In some patients with systemic reactions due to hymenoptera venom, anaphylaxis is observed in presence of allergen specific IgE and clonal mast cells carrying the D816V c-kit mutation. In these patients, multiple mechanisms contribute to anaphylaxis, including allergic sensitization with venom specific IgE, clonal expansion of mast cells carrying the c-kit mutation, and the impact of the gain in function mutation on the direct mast cell activation properties of the hymenoptera venom.
When do you need to get more aggressive tests:
A bone marrow biopsy and aspiration is recommended in patients presenting with mast cell activation symptoms in the following circumstances:
Baseline tryptase level less than 20ng/ml, regardless of the symptoms
Presence of urticaria pigmentosa or cutaneous mastocytosis in an adult
Recurrent hypotensive syncopal episodes in the absence of urticaria and angioedema
What imaging studies (if any) will be helpful?
Routine imaging is not recommended in mast cell activation disorders, unless there is a specific indication to do so.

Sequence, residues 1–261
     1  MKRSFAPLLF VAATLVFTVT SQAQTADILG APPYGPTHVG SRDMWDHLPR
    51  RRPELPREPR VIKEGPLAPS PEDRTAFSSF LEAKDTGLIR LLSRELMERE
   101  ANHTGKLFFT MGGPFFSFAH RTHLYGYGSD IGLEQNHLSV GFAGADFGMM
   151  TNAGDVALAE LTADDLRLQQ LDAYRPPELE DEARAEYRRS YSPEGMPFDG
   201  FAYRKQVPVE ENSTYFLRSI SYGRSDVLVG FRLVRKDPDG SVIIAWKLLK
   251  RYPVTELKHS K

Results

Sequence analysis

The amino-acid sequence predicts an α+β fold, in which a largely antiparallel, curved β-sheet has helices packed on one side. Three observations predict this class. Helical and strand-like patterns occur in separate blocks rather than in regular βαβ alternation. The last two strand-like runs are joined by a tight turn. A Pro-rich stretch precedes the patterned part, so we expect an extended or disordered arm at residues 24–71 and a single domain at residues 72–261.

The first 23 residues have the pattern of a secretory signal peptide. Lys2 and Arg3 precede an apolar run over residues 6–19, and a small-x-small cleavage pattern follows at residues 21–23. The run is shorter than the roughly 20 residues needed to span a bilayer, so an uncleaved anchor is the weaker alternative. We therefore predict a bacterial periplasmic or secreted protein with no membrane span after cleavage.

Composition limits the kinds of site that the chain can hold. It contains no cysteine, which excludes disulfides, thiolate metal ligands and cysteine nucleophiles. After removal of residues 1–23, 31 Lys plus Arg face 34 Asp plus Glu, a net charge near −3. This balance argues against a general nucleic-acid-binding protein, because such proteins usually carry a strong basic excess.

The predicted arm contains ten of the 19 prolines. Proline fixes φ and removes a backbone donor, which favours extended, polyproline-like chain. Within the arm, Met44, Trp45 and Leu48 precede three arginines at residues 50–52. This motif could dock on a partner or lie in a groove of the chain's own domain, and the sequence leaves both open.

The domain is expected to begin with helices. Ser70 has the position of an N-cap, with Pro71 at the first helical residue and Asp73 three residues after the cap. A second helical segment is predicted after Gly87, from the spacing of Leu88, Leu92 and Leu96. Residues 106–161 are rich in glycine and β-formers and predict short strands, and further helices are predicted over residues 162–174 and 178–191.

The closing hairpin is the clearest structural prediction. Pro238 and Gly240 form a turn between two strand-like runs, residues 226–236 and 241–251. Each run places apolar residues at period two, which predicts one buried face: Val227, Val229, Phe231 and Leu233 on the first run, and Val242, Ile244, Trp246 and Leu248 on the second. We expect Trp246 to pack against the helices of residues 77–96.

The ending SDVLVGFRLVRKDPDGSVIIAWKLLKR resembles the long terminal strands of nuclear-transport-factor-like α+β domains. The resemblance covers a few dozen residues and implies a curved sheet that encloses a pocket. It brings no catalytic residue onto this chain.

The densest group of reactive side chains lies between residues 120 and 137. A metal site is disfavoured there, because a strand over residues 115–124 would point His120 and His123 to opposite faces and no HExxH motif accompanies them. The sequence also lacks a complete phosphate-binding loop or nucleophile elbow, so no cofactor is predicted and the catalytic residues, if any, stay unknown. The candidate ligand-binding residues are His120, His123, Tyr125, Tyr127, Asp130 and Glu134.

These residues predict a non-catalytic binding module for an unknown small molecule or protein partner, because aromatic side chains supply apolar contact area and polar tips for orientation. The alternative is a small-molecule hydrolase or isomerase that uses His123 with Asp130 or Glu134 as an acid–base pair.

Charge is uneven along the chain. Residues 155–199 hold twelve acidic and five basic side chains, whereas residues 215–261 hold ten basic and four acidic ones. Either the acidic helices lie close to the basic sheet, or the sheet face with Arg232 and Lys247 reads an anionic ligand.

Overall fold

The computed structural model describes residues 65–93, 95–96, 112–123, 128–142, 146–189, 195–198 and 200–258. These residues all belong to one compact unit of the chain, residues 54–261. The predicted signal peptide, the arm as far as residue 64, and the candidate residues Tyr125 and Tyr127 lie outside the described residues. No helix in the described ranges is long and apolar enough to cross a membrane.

In patients diagnosed with a clonal mast cell activation disorder, bone densitometry (DEXA) scans should be periodically followed due to high incidence of osteoporosis.
Other tests such as abdominal imaging to determine hepatosplenomegaly or bone scans in patients with clonal mast cell activation disorders can be considered, depending on presenting symptoms.
What therapies should you initiate immediately and under what circumstances – even if root cause is unidentified?
At least two self-injectable epinephrine devices should be prescribed to patients with a history of anaphylaxis and those with clonal mast cell disorders. The patient should be trained in its use and indications.